Thus, there is a glaring absence of rigorous village and household-level assessments of the socioeconomic impact of displacement from protected areas that focus on the impact of displacement on people’s asset holding, income, poverty and food security. Across the world, and also in India, the decision to displace people has tended to be based more on rhetoric than on facts. Site-specific studies are not carried out a priori to quantify the threat to a PA from the local population. Nor does existing knowledge inform actual decisions to relocate people from PAs in the country.

Typically, alternative solutions that minimize displacement are not even explored, and few attempts are made to establish that human displacement is the most viable solution for preservation of the PA in question. In the absence of sound quantitative and qualitative evidence on impact of displacement on people’s livelihood, the issue of preservation via dislocation is open, at present, to conjecture by proponents of both exclusionary and participatory conservation.


A recent full-length study on displacement of people from the Kuno wildlife sanctuary in Madhya Pradesh has thrown up various insights about the impact of dislocation on the agrarian economy in upland, semi-arid, tribal areas. Kuno sanctuary in district Sheopur of northwest Madhya Pradesh is the chosen site for a proposed project for reintroduction of endangered Asiatic lions from Gir National Park in Gujarat. Kuno wildlife sanctuary (345 sq km) lies at the core of nearly 1200 sq km of dry deciduous forests of the Kuno wildlife division in Madhya Pradesh. Since 1998, it is being prepared by the Madhya Pradesh Forest Department (with financial support from the Union Ministry of Environment and Forests) for receiving Asiatic lions from Gir.


Among the first activities undertaken in preparation for the Lion Reintroduction Project was the displacement of 24 villages (mainly populated by the Sahariya – a scheduled tribe) and their resettlement at a site around 15 km from the edge of the sanctuary. Nearly 1650 families (around 5000 people) were relocated from Kuno during 1999-2001, with a land-based rehabilitation package financed through a Union government sponsored beneficiary oriented scheme for tribal development.

The modified impoverishment risks and reconstruction model developed for the Kuno displacement study provides a strong foundation for linking displacement with rural livelihoods by laying down the principle of livelihood restoration as the main objective of post-displacement rehabilitation. The model recognizes explicitly that rural livelihoods, especially among the poorest segments of the rural population (like the landless and the marginal farmers), are derived not just from privately held assets like land, but in large part also from common property resources. In the Kuno study, the main impoverishment risks associated with displacement were mapped against specific risk-mitigation provisions of the rehabilitation package, and set out against the actual exposure of the displaced households to these risks.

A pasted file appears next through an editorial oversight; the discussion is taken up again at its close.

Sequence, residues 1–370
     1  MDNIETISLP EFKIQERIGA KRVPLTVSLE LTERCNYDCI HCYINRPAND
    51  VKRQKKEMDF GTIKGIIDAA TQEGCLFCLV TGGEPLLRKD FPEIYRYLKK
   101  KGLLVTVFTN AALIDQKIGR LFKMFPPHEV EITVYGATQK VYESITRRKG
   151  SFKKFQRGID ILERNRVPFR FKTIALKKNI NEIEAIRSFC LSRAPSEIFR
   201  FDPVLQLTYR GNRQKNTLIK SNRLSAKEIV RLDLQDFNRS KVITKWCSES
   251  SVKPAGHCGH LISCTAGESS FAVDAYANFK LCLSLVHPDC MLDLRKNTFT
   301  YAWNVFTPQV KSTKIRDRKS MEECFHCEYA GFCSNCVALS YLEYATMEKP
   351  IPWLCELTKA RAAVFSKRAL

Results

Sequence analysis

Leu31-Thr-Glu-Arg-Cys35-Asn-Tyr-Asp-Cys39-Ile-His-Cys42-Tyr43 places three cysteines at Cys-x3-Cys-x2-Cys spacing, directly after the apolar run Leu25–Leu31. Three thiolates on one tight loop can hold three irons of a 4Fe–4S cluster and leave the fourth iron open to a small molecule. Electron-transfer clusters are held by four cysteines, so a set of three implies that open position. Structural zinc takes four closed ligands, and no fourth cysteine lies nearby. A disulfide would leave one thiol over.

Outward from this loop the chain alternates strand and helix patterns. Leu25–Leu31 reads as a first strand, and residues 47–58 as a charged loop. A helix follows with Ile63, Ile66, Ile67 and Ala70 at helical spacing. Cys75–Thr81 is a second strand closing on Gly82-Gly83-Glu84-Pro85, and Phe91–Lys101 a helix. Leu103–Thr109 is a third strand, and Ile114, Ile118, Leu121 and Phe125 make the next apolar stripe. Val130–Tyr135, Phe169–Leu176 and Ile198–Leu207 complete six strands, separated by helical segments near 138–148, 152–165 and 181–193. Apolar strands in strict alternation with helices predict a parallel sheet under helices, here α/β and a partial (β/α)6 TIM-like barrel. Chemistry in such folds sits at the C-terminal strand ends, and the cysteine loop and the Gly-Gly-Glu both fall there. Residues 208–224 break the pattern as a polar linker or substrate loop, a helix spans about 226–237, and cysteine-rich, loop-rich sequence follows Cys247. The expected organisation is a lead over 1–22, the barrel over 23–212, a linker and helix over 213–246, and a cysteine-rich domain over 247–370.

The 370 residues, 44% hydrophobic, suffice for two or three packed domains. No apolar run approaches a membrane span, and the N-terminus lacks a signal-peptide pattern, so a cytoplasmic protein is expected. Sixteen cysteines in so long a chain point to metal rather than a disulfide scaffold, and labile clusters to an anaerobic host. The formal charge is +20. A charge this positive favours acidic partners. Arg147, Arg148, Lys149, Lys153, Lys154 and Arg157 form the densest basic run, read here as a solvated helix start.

This study found that the erstwhile inhabitants of Kuno wildlife sanctuary have been shifted from resource-rich but extremely remote forests to a relocation site outside the sanctuary. Across the 24 villages, nearly 1650 families, mainly hunters, gatherers and subsistence cultivators, have been subjected to a sudden and poorly planned shift to agriculture-based livelihoods in a drought-prone and highly degraded landscape. The relocation package is not informed by baseline data about pre-displacement livelihood, and a ‘one-size-fits-all’ approach to livelihood restoration has been taken, regardless of its suitability. Loss of forest-based livelihood has not been compensated adequately through development of alternative, non-farm employment and livelihood options. As a result of inadequacy of the relocation package and gaps in implementation, the largely self-sufficient forest-based livelihoods of the Sahariya have given way to precarious, mainly wage-based, food insecure and vulnerable livelihoods.


Prior to displacement, nearly all adivasi (scheduled tribe) households earned their livelihood through a complex and dynamic combination of subsistence agricultural production, livestock rearing, forest produce collection and sale, and occasional wage labour. Dependence on the forest for livelihood was fairly high, with the poorest families deriving almost 30 to 65 per cent of their cash income from sale of various non-timber forest produce (NTFP). In addition, the forest provided the people with a range of food items, including meat, as well as fuel wood, fodder and raw material for various items of household use.

According to key informants, items collected from commons or forests had nearly as much weightage in a typical tribal household’s daily food intake as items purchased from the market or cultivated on the family’s own land. Food items collected from the forest included numerous types of seasonal fruit, berries, tubers and roots, and of course, wild meat, fish and eggs. Ungulates were the prime target of hunting, though hare and birds too are known to have been hunted regularly. In periods of drought, the dependence of adivasi households on CPRs and forests for meeting diet needs was even higher. The Sahariya were also known to possess intimate knowledge about the medicinal qualities of many wild plants, which were used by traditional healers to cure various common and even some complex ailments.